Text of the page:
On this album, there’s not a ton of huge distorted guitars. Do you still write a lot on guitars or have you branched off into other instruments when you’re writing at the beginning?
If you listen to the progression of the album, I think you’ll find we use guitars, they’re just not always up front. Especially on the last album, A Thousand Suns, there’s actually a lot more guitars on that album than people think, they’re just mixed back a little bit. On the new album, there’s probably a little more of them, and they’re mixed up front a little more often.
For me, it just depends on what kind of sound the song is asking for. In the early days, we used to write a track and then lay the vocals over top of it, almost like a hip-hop production team. We’d mix the song instrumental and then we’d force the vocals in on it. When we started working with Rick, he was saying, “Have you ever tried writing everything simultaneously?” We said, “No.” He really pushed us to try it.
Without writing vocals and music at the same time, we never would have arrived at songs like “Waiting For the End,” “Iridescent,” or even “Burn it Down.” To some degree, those songs just evolved when you’re able to change the chords and change the vocals at the same time and know, “Oh, OK, if I change this note in the vocals then I can go to this chord in the music.” Usually that will happen when you’re singing and playing piano, or singing and playing guitar.
For every album, you usually have a ton of material that didn’t make the cut, which I know some of it ends up getting released on the LP Underground stuff. What kind of stuff did you have leftover on this one?
I don’t know. These days we’re always throwing little ideas together in a computer and everything. It used to be like we’d write a song and sometimes the song just wouldn’t happen. It would sound like an actual song and we’d kind of put it in the trash. These days I think we know a lot earlier if it’s really doing something for us.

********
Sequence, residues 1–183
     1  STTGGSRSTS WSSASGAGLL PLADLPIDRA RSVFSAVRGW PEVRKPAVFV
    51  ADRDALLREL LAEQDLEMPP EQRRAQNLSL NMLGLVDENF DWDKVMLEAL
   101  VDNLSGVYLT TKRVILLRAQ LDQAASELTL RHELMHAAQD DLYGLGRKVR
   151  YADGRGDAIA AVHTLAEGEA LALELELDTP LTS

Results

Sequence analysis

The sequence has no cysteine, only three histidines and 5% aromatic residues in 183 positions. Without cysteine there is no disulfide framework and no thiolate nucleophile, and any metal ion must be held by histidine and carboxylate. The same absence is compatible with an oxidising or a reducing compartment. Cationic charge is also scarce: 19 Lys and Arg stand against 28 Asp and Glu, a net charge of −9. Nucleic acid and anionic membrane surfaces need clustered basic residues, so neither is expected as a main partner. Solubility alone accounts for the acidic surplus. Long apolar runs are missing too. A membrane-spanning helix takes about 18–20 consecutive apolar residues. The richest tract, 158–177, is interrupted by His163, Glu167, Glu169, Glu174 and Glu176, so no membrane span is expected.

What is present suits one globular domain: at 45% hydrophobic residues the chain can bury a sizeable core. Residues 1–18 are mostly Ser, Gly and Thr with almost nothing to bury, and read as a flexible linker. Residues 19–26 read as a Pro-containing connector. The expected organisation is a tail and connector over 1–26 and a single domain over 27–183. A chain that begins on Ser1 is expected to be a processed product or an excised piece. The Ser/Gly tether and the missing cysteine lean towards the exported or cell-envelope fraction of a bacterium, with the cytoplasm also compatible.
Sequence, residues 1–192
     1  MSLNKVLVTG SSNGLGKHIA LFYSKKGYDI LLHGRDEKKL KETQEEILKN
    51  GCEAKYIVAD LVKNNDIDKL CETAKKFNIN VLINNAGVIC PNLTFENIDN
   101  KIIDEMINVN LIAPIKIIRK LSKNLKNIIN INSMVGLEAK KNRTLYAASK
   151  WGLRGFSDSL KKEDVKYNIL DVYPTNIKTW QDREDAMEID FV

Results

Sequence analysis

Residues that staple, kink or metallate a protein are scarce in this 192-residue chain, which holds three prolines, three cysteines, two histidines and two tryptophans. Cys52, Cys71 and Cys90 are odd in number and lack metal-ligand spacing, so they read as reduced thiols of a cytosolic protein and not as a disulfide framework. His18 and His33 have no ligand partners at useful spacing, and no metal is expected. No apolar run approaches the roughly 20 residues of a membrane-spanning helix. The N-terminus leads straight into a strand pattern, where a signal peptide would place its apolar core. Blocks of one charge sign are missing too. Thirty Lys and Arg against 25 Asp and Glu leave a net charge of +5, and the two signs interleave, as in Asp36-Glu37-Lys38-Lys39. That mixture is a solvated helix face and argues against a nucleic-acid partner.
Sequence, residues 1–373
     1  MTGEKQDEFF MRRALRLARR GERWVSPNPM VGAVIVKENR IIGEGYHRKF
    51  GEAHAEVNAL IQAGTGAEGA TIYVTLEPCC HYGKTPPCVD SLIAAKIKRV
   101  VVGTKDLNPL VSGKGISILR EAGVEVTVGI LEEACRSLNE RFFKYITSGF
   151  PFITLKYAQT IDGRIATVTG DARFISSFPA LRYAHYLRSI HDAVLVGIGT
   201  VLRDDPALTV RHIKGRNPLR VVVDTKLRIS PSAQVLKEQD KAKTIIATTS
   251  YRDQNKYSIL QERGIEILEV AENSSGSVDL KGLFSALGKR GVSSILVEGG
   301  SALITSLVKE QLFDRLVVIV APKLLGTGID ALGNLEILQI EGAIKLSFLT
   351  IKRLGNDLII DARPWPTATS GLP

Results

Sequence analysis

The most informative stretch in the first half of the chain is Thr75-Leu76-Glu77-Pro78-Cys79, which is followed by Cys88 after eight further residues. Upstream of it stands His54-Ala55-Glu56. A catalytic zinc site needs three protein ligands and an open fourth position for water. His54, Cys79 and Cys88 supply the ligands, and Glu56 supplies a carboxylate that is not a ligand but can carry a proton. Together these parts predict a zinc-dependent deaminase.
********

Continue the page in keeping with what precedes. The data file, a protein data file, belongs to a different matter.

The stuff that falls by the wayside ends up being almost like… There may be some vocals and some music on it, but it doesn’t resemble a song as much a lot of times. At the very least, it sounds like what we were talking about on the last question. It’s like vocals and acoustic guitar, or vocals and electric guitar, or vocals and piano. It’s not like a whole song, you know what I mean?
If you look at it like 10 years ago, that stuff would have immediately gone into the trash and never pulled out again. These days it kind of becomes almost like you’re building stuff out of Legos. Once you’ve got your thing that you’ve made, you’ve got extra Legos sitting on the side. For the next thing you want to build, you might pull stuff out of that pile and put them into the new thing.
How many of these little ideas do you have? Do you just have them stored on hard drives all over the place?
It’s like if you’ve ever worked with sample software, you kind of just have a library of stuff. The stuff on its own won’t make anything. The stuff on its own, you can just find stuff that sounds cool. You can play it one way and it sounds boring. Then all of a sudden, one day you put it together a little bit differently and it’s got the magic. I feel like every one of our records has a song or a couple songs that benefit from reapproaching an old idea. You have a sound or a demo that isn’t doing much for anybody, and then one day I listen to it and go, “Oh, what if I change this little bit? Will that be better?” Then I play it for everybody and they go, “That fits.” And it sticks.
I guess stepping back, I don’t really want to get into the nitty gritty of what we do, because people who don’t make music can’t really appreciate that stuff, but for the average person understand we don’t write a song sitting down in a room together. We don’t write it and then record it. We write and record and do everything in one shot, and we do that over the course of the whole record.